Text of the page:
We publish here the Holy Father’s personal message to H.E. Mariano De Nicolò, Bishop of Rimini, for the opening of the Meeting for Friendship Among Peoples XXI

To My Esteemed Brother
Most Reverend Mariano De Nicolò
Bishop of Rimini

On the occasion of the Meeting for Friendship Among Peoples XXI, which, as every year, will take place in Rimini, it is my pleasure to extend my most cordial greetings to you and to the organizers and participants in this event.
In this Holy Year when the Church is celebrating the Great Bi-millennial Jubilee of the birth of Christ, the theme chosen for this year’s Meeting is a very suitable one: “2000 Years, an Ideal Without End.” In this way attention has been purposely centered on the Christian event, manifested in Bethlehem and projected onto the horizon of the Kingdom of God.
Indeed, the birth of Christ, as I recalled in my introduction of the Jubilee, “is not an event which can be consigned to the past. The whole of human history in fact stands in reference to Him: our own time and the future of the world are illumined by his presence.” (Papal Bull Incarnationis mysterium, 1) With the theme of this Meeting, with the events which during the week will develop its meaning, but, even more, by the fact itself of this annual gathering, you intend to be an explicit and aware echo of the great mystery which the entire Church is reliving during this Jubilee Year: the Incarnation of the Son of God. This is a mystery that transcends man and history and at the same time profoundly traverses them: Jesus is “the genuine newness which surpasses all human expectations.” Encountering Him, “every man discovers the mystery of his own life.” (Ibid.)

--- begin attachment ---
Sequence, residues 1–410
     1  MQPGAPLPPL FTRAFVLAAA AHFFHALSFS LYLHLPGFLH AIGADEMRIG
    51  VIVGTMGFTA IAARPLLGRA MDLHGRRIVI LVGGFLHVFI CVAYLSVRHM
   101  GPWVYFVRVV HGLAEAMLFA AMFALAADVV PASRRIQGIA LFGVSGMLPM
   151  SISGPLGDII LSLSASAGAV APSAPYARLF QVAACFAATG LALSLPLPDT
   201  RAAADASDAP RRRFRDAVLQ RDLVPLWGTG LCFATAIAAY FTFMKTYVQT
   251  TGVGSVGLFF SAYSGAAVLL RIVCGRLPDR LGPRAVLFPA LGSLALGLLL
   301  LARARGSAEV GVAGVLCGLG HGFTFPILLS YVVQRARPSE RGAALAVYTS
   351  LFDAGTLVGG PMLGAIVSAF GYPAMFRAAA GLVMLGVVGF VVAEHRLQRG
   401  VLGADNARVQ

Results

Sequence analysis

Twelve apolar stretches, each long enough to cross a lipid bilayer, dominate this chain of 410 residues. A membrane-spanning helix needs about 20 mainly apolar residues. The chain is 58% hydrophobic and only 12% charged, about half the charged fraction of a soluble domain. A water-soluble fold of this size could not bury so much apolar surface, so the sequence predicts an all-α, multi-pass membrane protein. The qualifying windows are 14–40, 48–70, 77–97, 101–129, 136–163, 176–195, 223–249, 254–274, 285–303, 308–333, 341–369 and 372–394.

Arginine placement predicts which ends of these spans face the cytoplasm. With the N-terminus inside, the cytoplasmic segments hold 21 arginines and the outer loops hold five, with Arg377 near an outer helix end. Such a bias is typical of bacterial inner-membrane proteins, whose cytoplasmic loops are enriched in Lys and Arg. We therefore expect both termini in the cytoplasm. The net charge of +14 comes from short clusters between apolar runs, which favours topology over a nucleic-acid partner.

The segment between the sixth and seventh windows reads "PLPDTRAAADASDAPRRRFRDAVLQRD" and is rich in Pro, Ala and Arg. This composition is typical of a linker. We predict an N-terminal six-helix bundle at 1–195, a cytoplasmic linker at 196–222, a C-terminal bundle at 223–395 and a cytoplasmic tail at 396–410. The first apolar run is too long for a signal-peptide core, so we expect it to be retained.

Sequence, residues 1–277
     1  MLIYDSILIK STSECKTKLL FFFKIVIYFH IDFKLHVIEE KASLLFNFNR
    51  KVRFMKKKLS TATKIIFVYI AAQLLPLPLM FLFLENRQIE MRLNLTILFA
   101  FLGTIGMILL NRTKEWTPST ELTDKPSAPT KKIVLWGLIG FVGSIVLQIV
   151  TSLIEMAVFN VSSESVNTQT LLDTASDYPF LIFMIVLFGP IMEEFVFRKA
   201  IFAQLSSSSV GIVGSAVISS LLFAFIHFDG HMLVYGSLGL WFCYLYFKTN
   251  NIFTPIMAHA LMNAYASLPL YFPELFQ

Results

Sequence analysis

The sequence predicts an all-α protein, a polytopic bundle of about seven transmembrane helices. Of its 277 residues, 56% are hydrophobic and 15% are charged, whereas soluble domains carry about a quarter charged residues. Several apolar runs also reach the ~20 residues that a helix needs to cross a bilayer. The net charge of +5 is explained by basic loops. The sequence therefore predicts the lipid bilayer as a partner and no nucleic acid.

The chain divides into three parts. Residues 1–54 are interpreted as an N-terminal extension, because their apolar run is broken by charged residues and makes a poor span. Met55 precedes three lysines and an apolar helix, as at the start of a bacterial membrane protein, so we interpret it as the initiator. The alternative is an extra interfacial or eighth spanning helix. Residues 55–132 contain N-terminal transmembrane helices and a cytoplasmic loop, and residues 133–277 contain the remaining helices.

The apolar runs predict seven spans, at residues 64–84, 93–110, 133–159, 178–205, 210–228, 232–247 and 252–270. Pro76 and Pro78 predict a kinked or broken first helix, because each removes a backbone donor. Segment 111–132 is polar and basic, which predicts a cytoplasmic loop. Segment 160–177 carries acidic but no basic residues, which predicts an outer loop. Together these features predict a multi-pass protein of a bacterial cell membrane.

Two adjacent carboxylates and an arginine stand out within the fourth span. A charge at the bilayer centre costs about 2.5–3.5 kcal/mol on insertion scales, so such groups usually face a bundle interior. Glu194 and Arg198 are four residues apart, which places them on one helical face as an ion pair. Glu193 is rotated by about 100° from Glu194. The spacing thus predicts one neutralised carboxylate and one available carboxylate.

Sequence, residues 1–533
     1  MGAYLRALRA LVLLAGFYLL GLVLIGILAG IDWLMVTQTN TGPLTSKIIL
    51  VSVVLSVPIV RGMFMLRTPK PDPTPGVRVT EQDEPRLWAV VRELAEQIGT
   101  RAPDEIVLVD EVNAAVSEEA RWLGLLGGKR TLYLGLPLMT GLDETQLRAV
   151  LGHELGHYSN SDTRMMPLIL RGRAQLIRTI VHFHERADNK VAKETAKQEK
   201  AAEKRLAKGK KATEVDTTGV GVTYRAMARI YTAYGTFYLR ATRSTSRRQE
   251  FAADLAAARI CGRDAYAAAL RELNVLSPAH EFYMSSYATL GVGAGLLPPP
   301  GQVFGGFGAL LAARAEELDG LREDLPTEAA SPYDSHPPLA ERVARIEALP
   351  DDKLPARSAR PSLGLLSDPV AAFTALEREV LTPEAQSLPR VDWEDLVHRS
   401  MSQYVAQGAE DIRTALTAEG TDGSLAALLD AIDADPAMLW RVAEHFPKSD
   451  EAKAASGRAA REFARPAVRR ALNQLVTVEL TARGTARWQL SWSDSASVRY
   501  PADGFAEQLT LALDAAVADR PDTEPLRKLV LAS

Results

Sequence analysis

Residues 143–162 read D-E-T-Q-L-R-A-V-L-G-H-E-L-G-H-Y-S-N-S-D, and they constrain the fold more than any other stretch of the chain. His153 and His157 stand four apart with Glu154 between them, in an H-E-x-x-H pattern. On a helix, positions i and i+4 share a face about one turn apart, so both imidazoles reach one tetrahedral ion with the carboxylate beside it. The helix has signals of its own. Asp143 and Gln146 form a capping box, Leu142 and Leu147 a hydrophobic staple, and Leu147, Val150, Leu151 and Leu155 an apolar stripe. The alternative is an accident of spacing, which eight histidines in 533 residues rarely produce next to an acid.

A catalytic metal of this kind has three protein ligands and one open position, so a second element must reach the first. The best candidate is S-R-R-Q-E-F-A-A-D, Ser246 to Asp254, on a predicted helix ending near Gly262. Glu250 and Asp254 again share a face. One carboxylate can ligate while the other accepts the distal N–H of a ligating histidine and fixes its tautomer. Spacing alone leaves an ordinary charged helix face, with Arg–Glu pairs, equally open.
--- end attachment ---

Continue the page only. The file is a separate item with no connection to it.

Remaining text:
These words, which describe the essence of Christianity, open the path to the horizon evoked by the Meeting’s theme: “an ideal without end.”
In current speech, “ideal” is often understood as the opposite of “real,” like something to which one aspires, but on the level of desire, of “ideas,” and sometimes lacking a concrete foundation in reality. On the contrary, in Christianity, the ideal is a goal that is infinitely great, immensely beautiful and true, enormously just, a goal to which our heart turns with all its strength without ever achieving its desire; but it is, at the same time, something that we already possess, or rather that possesses us, and that corresponds to our being and its expectations, granting a foundation of solid realism to our hope of infinity.
Christians are fully aware of this from their own experience, meditated in the light of the Holy Scriptures and lived by following Christ. No event, in the long history of the world, corresponds to the ideal like the person of Jesus of Nazareth, the incarnate Word. He, who is the firstborn of all of us (cf. Col 1:18), having in Himself all the fullness of every human dimension (cf. Col 1:19), has set in our hearts an insatiable longing for that fullness, which makes us seekers after it in all the various experiences of life.
It is “an ideal without end” that is interwoven with the path of the Church. The history of the Church is thus an engrossing one, and today we are called to offer our contribution to it: to show to the people of our time the reasonableness of faith, the humanity of charity, the constructive energy of hope. For this to be possible, the Christian ideal must not to be reduced to a dream, ideology, or utopia, but become ever more in believers an announcement, testimony, and life.
In this we are guided and illuminated by the example of the saints, who in Christ have found the light and the daily support for their progress and their commitment in the service of the Kingdom of God. And sainthood is the goal we all seek: it demonstrates that the ideal of Christ is an ideal without end. My wish for all those who take part in the program of this Meeting and all the Meeting’s friends is that they may follow in the steps of the many men and women who in two thousand years have been generous witnesses to this unchanging ideal, so that it may be a seed of hope in the furrows of the third millennium.
With these sentiments, I am very happy to extend to you, my esteemed Brother, and to the entire “Family of the Meeting,” my Apostolic Benediction.

Vatican, August 2, 2000